US is ready to protect all deposits to avoid a new crisis

House Republicans refuse to guarantee deposits exceeding $250K
US is ready to protect all deposits to avoid a new crisis
US intervention on savings withdrawals

In a major shift that seeks to protect parts of the US banking system, one that is struggling in light of the recent financial turmoil, US Treasury Secretary Janet Yellen announced that measures will be taken to protect deposits in other banks should excessive savings withdrawals increase.

Bloomberg had previously reported that US officials were studying ways in which they could temporarily expand the coverage of the Federal Deposit Insurance Corporation to include all deposits, a step sought by a coalition of banks on the grounds that it is necessary to avoid a possible financial crisis.

After signs emerged that panicked depositors withdrew their savings from regional banks in recent days, Yellen said in a speech to the American Bankers Association that the guarantees provided to all depositors of “Silicon Valley Bank”, which declared bankruptcy, could be replicated in other institutions, if necessary.

“The steps we took were not focused on helping specific banks or classes of banks,” Yellen said. “Our intervention was necessary to protect the broader US banking system. Similar actions could be warranted if small institutions are experiencing deposit outflows that pose a contagion risk.”

Read: Flagstar bank to acquire Signature’s deposits in $2.5 bn deal

The Treasury Department has worked with the Federal Reserve and the Federal Deposit Insurance Corporation to provide guarantees for all deposits, including uninsured ones, at Silicon Valley banks and Signature, both of which closed this month. In addition, the Fed announced new facilities to boost liquidity for troubled banks.

Yellen defended the “decisive” and “robust” steps taken by regulators to avert a broader banking crisis in the United States, even though the problems plaguing smaller institutions have yet to be resolved.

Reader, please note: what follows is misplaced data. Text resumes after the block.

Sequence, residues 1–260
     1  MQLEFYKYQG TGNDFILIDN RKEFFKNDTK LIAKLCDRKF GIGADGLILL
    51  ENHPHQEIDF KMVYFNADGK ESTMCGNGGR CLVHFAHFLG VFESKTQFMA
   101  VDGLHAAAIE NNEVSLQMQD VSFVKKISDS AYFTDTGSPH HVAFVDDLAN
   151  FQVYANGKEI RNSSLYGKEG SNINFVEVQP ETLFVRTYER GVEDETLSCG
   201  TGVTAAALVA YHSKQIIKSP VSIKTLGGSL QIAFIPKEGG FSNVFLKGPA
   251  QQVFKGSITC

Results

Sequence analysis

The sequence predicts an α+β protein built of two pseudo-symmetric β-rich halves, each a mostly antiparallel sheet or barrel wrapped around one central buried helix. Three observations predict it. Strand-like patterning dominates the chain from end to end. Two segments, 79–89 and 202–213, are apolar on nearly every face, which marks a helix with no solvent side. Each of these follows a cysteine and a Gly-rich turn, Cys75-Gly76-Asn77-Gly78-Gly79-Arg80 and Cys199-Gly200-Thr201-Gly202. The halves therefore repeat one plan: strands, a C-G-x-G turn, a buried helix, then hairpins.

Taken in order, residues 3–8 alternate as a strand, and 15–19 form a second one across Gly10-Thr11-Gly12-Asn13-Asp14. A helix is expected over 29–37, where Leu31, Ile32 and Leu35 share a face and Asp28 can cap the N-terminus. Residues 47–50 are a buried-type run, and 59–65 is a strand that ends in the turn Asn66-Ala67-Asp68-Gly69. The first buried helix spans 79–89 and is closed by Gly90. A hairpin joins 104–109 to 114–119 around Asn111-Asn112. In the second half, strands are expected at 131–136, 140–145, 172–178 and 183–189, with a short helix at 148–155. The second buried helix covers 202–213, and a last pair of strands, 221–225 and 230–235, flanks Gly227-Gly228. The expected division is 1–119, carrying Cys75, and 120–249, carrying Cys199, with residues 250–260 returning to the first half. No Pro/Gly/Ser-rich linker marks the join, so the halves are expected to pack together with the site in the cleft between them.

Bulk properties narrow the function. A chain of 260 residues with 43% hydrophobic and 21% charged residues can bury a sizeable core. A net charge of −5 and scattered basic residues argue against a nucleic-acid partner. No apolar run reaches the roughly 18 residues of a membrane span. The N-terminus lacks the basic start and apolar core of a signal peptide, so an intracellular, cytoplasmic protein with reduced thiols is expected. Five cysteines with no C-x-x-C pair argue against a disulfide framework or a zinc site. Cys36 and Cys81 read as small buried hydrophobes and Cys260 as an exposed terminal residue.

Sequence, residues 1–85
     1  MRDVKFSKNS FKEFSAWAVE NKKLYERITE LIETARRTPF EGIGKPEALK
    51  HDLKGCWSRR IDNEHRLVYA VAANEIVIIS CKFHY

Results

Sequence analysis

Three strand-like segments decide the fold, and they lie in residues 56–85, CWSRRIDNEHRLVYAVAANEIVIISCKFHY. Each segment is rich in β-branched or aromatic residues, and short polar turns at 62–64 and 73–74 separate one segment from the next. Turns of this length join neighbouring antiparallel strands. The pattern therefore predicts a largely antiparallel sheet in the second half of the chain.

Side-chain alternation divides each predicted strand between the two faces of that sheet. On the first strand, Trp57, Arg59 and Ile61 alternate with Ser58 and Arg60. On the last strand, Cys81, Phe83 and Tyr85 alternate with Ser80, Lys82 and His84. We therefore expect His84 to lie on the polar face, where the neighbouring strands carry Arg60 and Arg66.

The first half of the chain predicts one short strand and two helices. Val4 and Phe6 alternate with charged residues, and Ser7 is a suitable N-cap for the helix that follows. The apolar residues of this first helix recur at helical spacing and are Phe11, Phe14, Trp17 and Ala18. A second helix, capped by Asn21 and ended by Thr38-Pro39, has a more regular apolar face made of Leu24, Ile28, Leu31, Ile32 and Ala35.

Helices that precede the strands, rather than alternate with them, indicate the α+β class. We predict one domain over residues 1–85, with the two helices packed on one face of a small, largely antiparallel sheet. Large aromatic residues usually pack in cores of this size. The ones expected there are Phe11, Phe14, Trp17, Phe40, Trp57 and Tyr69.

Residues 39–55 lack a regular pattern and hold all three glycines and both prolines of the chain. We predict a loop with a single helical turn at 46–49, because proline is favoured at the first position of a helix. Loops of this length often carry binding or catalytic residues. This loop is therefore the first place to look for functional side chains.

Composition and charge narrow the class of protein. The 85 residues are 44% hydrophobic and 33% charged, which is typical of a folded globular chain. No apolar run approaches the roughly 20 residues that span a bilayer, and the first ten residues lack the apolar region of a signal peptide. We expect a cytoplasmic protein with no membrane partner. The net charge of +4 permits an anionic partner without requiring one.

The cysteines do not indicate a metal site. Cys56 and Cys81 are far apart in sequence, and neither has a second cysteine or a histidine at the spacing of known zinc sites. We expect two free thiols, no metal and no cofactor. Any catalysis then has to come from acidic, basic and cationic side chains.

She noted that the United States is relatively comfortable with market developments in recent days. “The situation is stabilizing. The banking system in the United States will remain intact,” she said.

The Fed facility and discount window lending are working as intended to provide liquidity to the banking system. The total deposit outflows from regional banks have stabilized.

She added, “We are focused squarely on doing our job…and you should rest assured that we will remain vigilant.”

Yellen also emphasized the importance of small and medium-sized banks to the US economy. The great concern in recent days has been that the current crisis will strengthen the larger financial institutions at the expense of the smaller ones.

She said: “Large banks play an important role in our economy, but so do small and medium-sized banks. These banks are heavily involved in traditional banking providing vital credit and financial support to families and small businesses. They also increase competition in the banking sector and often have specialized knowledge and experience in the communities in which they invest.

Yellen’s comments come after Republican hawks in the US House of Representatives pledged to oppose any blanket federal guarantee for bank deposits in excess of the current limit of $250,000, putting a major hurdle to a key tool regulators could turn to in the event of a resurgence of a run on bank withdrawals.

The Freedom Caucus of House Republicans said in a statement that the Federal Reserve “must dismantle” the extraordinary financing mechanism it created on March 12 that allows banks to increase borrowing from it to cover deposit outflows.

A blanket guarantee on all bank deposits… “sets a dangerous precedent that simply encourages irresponsible behavior in the future to be paid for by those who stick to the rules,” the group added.

For more on banking and finance, click here.

The stories on our website are intended for informational purposes only. Those with finance, investment, tax or legal content are not to be taken as financial advice or recommendation. Refer to our full disclaimer policy here.